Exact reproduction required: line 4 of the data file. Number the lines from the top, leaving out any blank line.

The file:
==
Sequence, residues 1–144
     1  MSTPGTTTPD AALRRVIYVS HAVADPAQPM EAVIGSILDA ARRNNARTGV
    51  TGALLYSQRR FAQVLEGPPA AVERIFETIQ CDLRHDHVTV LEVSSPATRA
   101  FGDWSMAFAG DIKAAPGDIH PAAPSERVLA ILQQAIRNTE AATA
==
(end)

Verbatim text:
   101  FGDWSMAFAG DIKAAPGDIH PAAPSERVLA ILQQAIRNTE AATA